Have Valencia Reached It's Tipping Point?

Once the tipping point is reached departures become inevitable and the slide becomes harder to arrest than ever; what starts as an emergency solution risks becoming a permanent situation, the enshrinement of inequality and the inability to compete. Handled well, the effects can be palliated but, barring a sudden shift, the trend is unavoidable. Spanish football has reached that tipping point. Valencia certainly have.

David Silva and David Villa had to leave Valencia. The consequences of them staying were unthinkable. Lumbered with two stadiums - one they could not sell and one they could not afford to finish building, standing as an empty monument to the collapse in Spain's economy and the construction industry in particular, as well as the wastefulness of the former owner - the club faced the possibility of disappearing altogether.

Manolo Llorente, the president, had rescued Valencia with the assistance of the local government but still needed to service the debt left by predecessor Juan Soler. Silva and Villa were the key, bringing in almost €80 million with their moves to Manchester City and Barcelona respectively.

But if the consequences of them staying were unthinkable, the consequences of them going are concerning too. The initial, crippling debt remains and will do so until Valencia can find a buyer for Mestalla and, allied to the direction that Spanish football has taken, that serves to eclipse the country's "other" clubs - of which Valencia is the strongest, finishing third for the last two years. The realization of that very fact only hastens it. When Silva and Villa left, they made the departure of other players all the more probable.

The tipping point had been reached. When Silva and Villa left, Valencia rebuilt remarkably well. With a sensible plan, and led by determined, skillful negotiators, they constructed a competitive side and still had a profit in excess of €45 million. But it was not competitive enough. Valencia won the league in 2002 and 2004. This season it finished 21 points behind second placed Real Madrid. And that was an improvement on last season.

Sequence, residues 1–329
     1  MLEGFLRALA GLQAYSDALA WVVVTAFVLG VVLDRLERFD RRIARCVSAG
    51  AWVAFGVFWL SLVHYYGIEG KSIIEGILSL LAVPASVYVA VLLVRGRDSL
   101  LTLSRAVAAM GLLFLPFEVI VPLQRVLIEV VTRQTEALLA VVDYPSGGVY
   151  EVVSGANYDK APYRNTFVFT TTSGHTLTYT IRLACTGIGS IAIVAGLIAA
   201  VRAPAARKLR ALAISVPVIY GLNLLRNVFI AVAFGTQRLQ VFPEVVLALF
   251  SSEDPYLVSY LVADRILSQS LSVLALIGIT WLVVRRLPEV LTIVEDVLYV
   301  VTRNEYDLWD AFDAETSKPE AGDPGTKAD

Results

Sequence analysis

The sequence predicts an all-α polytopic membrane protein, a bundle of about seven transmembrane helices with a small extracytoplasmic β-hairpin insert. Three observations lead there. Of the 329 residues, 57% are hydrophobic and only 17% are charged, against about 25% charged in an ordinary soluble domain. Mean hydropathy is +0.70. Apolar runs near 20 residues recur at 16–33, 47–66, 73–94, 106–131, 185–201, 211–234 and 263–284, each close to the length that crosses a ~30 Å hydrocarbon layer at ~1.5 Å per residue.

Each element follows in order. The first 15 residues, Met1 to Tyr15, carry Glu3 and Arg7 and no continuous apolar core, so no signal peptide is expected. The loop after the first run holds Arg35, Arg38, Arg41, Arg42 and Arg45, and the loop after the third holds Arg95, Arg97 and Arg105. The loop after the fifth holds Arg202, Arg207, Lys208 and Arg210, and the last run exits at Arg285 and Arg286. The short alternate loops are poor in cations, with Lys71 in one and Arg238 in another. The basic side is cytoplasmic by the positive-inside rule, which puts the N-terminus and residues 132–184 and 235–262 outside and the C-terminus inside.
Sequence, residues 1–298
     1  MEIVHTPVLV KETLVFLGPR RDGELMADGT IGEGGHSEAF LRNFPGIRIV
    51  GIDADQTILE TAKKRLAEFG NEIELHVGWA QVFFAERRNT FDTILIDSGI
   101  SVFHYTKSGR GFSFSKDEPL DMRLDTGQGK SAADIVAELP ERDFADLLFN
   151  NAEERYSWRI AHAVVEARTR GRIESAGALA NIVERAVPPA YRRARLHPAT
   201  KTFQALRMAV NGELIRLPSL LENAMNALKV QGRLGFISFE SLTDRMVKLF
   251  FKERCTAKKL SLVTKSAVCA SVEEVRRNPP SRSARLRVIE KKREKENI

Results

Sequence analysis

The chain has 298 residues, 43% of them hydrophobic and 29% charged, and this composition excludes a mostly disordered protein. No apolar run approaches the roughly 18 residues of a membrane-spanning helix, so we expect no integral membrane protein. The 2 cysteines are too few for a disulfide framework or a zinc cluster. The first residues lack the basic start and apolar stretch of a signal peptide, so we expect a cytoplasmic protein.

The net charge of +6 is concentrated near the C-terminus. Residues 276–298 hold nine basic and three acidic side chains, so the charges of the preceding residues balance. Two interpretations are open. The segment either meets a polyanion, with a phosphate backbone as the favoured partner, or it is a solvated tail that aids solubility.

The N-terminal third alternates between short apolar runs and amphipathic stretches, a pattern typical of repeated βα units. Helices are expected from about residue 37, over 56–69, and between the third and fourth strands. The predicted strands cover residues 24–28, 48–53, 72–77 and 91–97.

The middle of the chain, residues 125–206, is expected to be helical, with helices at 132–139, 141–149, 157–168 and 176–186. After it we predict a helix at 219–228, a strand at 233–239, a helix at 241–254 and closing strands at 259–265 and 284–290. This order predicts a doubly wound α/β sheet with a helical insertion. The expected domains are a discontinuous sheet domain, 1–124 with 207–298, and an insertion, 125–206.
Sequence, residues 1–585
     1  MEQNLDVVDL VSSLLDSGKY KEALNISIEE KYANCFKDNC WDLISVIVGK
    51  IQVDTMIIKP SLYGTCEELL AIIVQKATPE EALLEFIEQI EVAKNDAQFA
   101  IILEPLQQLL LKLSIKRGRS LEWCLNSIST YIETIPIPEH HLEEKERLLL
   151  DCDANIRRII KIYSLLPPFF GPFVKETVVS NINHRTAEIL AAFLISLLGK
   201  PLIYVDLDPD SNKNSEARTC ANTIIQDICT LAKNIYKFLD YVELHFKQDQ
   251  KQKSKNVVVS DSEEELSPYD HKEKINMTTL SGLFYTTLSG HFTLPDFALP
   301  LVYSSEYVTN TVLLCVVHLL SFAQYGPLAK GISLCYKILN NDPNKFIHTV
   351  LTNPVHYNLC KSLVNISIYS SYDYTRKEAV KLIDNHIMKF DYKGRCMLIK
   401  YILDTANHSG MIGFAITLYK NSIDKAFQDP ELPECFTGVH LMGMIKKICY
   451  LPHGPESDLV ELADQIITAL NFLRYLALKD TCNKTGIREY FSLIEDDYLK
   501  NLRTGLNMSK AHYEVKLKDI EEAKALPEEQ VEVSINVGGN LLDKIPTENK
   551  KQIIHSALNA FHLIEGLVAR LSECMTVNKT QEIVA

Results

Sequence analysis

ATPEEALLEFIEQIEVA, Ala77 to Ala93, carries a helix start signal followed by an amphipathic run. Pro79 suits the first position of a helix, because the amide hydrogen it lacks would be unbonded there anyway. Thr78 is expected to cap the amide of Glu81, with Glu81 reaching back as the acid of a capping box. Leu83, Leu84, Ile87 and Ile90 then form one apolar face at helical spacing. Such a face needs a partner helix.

Valencia is one problem, and the debt remains a hungry one. The players, conditioned by that situation, are another. All players want to win things; good players think they have to. When you can't compete, you leave. And when you depart, the team you leave behind can compete even less. It is a vicious circle. The hierarchy of clubs gets ever more defined. So far this summer, Valencia has been among the most active clubs in the transfer window.

Dani Parejo and Diego Alves have signed already. But that is a prelude to movement in the other direction.

The man nearest the exit door is Juan Mata - both because he wants to compete and because Valencia know that he is the player most likely to raise a sizable transfer fee. He would make a superb signing for any number of clubs joining the queue.

Mata stepped out of the shadow of Villa and Silva to become the central figure for Valencia this season. Now, someone else will have to do the same.

Last summer Barcelona were among Mata's potential destinations; this summer, England is. Liverpool is a genuine possibility. Last summer resistance was possible with Silva and Villa to sell; this year it is futile. The good news for Valencia comes in the shape of a check for around €25 million, another lifeline provided by selling their family jewel.

At 22, Mata took responsibility. Intelligent and instantly likable, he has studied at university and is making strides with his English. Mata has been a remarkably consistent performer in at team that has often been erratic. Fast, skillful, and creative. As he has shown at the European U-21 championships, he can also take a more central, playmaker's role.

At the end of the season, the football statisticians at Opta put together a team of the season. Mata was one of only two outfield players included to play for one of Spain's "other" clubs - the other was Santi Cazorla. The pity is that when that happens, they tend not to be playing for one of those other clubs for very much longer.



Source: Opta

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